Road to maturity involves safeguarding supply chains, treating security with the same urgency as safety, for starters
Cyber defense is still a maturing concept in manufacturing: Executives are growing more aware of threats and making better investments to mitigate them.
“Cybersecurity is an infant right now,” said Ken Modeste, director of connected technologies at UL. “It’s going to grow up. You will see significant changes over the next few years.”
Taking that maturity to the next level requires progress in three key areas, Modeste and other experts said at an exclusive roundtable Smart Manufacturing convened recently at MxD: The Digital Manufacturing Institute (formerly called DMDII) in Chicago:
• safeguarding supply chains;
• treating security with the same urgency as safety; and
• addressing vulnerabilities inherent in the Internet of Things (IoT).
The three core cybersecurity areas are interrelated: malware buried in the software supply chain could allow an advanced hacker to exploit weaknesses in IoT devices, potentially affecting safety at a plant.
Manufacturing executives need to consider those possibilities in concert and not in isolation, the experts said.
Thinking about the problem holistically means having a firm grip on the cybersecurity risk at your organization, according to the experts. Smart, sensor-driven manufacturing—and the need to produce goods at speed and scale—give asset owners a lot to consider in that regard.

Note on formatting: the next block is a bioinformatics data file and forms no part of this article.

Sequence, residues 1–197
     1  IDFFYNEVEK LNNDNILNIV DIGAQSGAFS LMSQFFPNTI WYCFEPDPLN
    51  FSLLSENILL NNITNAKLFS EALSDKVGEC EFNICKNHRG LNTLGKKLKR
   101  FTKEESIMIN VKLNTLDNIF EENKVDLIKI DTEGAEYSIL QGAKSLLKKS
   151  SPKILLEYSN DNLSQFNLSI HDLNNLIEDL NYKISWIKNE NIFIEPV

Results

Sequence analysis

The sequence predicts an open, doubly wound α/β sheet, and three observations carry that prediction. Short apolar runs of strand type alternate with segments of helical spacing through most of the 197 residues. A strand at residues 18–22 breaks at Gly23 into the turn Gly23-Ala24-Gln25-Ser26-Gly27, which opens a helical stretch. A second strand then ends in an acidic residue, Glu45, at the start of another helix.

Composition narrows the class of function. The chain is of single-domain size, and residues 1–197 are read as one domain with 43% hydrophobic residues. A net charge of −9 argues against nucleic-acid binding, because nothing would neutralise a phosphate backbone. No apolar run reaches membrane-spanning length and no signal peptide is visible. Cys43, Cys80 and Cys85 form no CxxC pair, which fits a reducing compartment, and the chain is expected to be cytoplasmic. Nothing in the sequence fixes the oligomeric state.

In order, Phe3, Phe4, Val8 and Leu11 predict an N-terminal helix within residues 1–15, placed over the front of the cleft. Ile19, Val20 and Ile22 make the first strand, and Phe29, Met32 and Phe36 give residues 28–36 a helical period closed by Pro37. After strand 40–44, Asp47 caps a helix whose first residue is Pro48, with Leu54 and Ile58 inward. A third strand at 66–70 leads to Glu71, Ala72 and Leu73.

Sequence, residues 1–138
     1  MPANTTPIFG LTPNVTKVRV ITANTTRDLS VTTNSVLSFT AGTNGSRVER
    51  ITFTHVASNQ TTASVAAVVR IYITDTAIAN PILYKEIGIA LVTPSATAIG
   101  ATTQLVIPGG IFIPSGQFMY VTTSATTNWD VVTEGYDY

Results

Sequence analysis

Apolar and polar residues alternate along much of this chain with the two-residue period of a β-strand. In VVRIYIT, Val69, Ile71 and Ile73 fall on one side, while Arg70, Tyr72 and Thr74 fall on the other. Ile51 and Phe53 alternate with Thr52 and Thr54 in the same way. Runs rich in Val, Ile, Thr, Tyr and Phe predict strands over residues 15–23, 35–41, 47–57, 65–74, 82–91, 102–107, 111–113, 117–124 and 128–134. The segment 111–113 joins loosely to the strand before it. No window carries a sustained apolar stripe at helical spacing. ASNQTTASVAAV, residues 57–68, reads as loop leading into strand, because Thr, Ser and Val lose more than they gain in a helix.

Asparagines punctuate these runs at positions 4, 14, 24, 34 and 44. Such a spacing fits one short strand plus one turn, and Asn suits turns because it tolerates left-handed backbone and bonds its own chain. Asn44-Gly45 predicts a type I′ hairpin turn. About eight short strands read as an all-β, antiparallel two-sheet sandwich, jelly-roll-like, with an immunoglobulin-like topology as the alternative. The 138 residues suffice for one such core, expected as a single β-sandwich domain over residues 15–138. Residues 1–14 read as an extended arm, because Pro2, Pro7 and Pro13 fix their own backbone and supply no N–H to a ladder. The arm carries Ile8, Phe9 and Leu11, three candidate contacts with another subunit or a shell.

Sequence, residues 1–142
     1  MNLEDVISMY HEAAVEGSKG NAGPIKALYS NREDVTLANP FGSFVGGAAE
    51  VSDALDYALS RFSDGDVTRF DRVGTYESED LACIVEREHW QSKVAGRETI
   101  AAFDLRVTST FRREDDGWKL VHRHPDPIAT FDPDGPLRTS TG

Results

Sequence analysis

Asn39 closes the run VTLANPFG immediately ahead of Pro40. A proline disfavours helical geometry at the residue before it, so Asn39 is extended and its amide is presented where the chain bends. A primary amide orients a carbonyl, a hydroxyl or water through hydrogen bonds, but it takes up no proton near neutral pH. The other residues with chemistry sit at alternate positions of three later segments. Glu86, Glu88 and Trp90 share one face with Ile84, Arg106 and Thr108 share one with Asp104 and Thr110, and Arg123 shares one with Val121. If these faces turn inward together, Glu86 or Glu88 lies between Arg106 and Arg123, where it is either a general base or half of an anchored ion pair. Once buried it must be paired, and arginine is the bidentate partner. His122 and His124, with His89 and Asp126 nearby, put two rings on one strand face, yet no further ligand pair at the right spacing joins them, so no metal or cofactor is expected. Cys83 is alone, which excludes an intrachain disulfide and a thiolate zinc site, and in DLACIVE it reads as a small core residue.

“The manufacturing environment is, in and of itself, changing quite a bit,” said Dan Herway, chief of strategy & innovation at Idaho National Laboratory. “And so to try and hit that moving target is very difficult.”
Getting serious about the supply chain
Wrapping your head around cybersecurity risk requires going deep into the supply-chain—a journey that experts are urging more manufacturers to take.
“From a pure cybersecurity perspective, this is one of the issues that should be concerning more and more manufacturers,” said Mark Weatherford, former Deputy Under Secretary for Cybersecurity at the Department of Homeland Security.
Manufacturers that delve further into their supply chains may discover that where they thought they had diversity of supply is really anything but that, he said.
The most famous supply-chain attack in recent years was the 2017 NotPetya attack, in which corrupted accounting software in Ukraine hobbled operations for the shipping giant Maersk and many other companies.
With real-world supply-chain attacks fresh in their minds, more manufacturers are starting to demand assurances from vendors that their software is secure.
Organizations are waking up to the fact that “software is inherently just as important in the manufacturing process as hardware,” Modeste said.
More multinational companies are developing supply-chain security programs because clients are starting to demand them, he added.
Asking for a BOM for software
There is still plenty of work to do: Manufacturing executives who are ready to hand you a hardware bill of materials, or a list of all components, might give you a blank stare when asked for the software equivalent.